All hands on deck. This is your final call to attend Legislative Impact Day this Thursday, January 23rd in Olympia.  It’s critical to our PTWA mission to get this spinal manipulation bill passed. We need members to ask their legislators for their yes vote on our bill. See the PTWA website for details: www.ptwa.org/legislativeimpactday. Advance registration is closed but you may still attend and register onsite.

If you can’t attend, please contact your legislators on your own. APTA will send you an email that will provide a link to their Take Action Center where you will be able to easily send a message to each of your three legislators. Every voice counts. You may not need to practice spinal manipulation, but it’s a critical treatment technique needed in our PT tool kit for those who do. It’s our professional obligation to support all areas of physical therapy practice. Next time the issue could be related to your practice area.

The chiropractors had their legislative day last week. Below is a list of questions that you’re likely to hear.

What The Legislators Will Likely Ask You About the Spinal Manipulation Bill

  1. Why can’t you work out a compromise with the chiropractors?


Unfortunately, a compromise just isn’t possible. Professional public policy mediators couldn’t get us to a compromise and formally declared an impasse.

In good faith and after the end of negotiation/mediation, we presented our framework language as the basis for our bill to the primary sponsor, Rep. Laurie Jinkins. She used key elements from this framework and from the chiropractors’ latest proposal and incorporated the two into bill language. This bill reflects compromises from both parties. Although this is not the ideal bill language we wanted, we’re willing to accept it. We’re extremely grateful for Rep. Jinkins’ continued work on this bill.

2.      You can’t safely perform a spinal manipulation without an imaging study first.


It’s been established that taking an X-ray isn’t necessary prior to performing spinal manipulation. The Centers for Medicare and Medicaid determined that a physical examination is sufficient to determine whether or not a chiropractic adjustment is necessary.

      Standards exist that demonstrate when it’s appropriate to perform an X-ray or other imaging study. This is clearly defined in the literature. Not all spinal pain conditions warrant an X-ray or imaging study before a manipulative technique is performed. All physical therapists must evaluate the patient to decide if physical therapy treatment is appropriate or if a referral to another health care provider is necessary including when to recommend an X-ray or imaging study.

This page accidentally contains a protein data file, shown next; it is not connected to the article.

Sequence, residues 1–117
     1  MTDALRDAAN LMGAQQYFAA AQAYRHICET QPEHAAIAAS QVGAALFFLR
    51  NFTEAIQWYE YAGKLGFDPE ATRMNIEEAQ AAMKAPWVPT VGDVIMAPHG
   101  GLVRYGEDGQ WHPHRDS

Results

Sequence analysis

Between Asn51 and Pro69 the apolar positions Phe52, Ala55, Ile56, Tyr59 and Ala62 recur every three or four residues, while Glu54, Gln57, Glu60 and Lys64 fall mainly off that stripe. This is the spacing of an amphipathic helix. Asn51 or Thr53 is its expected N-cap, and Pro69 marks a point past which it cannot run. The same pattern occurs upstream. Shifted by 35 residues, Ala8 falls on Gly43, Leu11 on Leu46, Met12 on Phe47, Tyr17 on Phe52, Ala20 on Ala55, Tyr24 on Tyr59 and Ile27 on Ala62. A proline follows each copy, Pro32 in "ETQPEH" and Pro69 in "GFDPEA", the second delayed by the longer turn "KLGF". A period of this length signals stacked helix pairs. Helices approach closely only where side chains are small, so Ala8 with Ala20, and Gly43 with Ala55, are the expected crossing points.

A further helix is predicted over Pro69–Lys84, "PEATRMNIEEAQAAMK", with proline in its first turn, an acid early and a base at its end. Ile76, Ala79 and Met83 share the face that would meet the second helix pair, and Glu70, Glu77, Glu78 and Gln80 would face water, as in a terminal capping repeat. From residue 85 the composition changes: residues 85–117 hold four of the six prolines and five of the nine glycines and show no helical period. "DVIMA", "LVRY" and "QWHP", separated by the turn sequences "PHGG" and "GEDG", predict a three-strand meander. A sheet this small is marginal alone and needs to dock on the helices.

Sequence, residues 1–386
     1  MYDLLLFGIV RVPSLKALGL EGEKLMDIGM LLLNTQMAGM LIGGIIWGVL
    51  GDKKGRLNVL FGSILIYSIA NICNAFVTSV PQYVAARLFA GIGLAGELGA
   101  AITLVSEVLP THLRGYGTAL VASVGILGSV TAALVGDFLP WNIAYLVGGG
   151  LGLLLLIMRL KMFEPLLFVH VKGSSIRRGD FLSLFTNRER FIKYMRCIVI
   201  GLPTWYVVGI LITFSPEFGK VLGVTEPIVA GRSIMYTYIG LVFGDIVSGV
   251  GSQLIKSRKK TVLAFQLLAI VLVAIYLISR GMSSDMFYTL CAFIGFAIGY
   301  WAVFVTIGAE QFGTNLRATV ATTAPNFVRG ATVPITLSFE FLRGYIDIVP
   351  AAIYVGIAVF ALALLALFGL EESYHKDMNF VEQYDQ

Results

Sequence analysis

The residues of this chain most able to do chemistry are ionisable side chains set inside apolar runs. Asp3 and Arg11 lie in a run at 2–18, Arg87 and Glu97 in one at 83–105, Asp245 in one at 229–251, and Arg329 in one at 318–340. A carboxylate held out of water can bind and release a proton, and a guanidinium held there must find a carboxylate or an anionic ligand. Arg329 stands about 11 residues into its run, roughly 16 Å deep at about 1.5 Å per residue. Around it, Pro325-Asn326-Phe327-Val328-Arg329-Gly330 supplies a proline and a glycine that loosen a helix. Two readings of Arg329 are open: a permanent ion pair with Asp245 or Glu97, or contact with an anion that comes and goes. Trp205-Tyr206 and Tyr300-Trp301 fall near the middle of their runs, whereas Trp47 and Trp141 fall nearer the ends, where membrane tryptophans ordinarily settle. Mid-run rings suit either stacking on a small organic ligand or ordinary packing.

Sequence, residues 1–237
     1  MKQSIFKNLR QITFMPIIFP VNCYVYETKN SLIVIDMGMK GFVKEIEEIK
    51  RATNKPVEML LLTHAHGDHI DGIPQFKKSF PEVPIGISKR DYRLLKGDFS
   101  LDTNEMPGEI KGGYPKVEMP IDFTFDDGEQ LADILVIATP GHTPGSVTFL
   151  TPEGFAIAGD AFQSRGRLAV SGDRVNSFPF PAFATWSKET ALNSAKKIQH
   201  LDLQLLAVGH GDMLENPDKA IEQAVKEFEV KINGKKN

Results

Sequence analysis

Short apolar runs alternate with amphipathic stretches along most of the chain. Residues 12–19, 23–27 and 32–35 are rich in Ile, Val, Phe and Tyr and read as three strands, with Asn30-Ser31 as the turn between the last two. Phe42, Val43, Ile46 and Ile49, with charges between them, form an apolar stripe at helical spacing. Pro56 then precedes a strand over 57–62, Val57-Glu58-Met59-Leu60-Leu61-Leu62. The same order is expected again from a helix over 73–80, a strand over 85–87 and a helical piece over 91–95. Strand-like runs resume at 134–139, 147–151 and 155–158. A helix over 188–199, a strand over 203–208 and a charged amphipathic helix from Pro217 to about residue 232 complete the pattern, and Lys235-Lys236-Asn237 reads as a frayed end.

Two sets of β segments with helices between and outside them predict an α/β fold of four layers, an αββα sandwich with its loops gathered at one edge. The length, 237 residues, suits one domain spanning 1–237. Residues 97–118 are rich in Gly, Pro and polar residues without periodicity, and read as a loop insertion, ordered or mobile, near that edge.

3.      Physical therapists can’t perform spinal manipulation in 48 states.


The law prohibits physical therapists from practicing spinal manipulation in two states: Arkansas and Washington. Physical therapists safely and legally practice spinal manipulation in the remaining 48 states by virtue of state law, rules, and attorneys’ general opinions, court opinions or by the definition of physical therapy in statute without specifying spinal manipulation.

4.      All providers of spinal manipulation must have the hours of training prescribed in the World Health Organization report.


PTWA has a statement from a WHO coauthor responsible for these guidelines indicating that they were intended to apply as a guide for chiropractors and chiropractic care as a whole. This report wasn’t intended to be used as a guideline describing the minimal competencies required to learn spinal manipulation techniques.

5.   There isn’t a need for additional providers offering spinal manipulation services.


There is a need. TriCare doesn’t cover chiropractic services outside of Madigan Army Medical Center or Bremerton Naval Hospital. Patients who don’t live near these areas must pay out of pocket to see a chiropractor. TriCare does cover physical therapy services, so our active duty men and women, their dependents and veterans would be able to receive spinal manipulation as a covered service.

It’s good for the economy when patients have a choice when seeking healthcare services. Passing this bill ensures that patients will get the best care possible by allowing physical therapists to use evidenced-based practice at the fullest extent of their professional training.

6.      Physical therapists have never showed where they have any specific training in spinal manipulation, whether in their doctorate program or in their advanced fellowships, and they continue to only offer an insufficient training threshold in order to get this bill.


PTWA shared information on the following key points:

– All accredited physical therapy school programs are mandated to ensure graduates have competency in performing spinal manipulation.

– A letter signed by the directors of our state’s three physical therapy schools declares that spinal manipulation is a core competency requirement for entry-level graduates.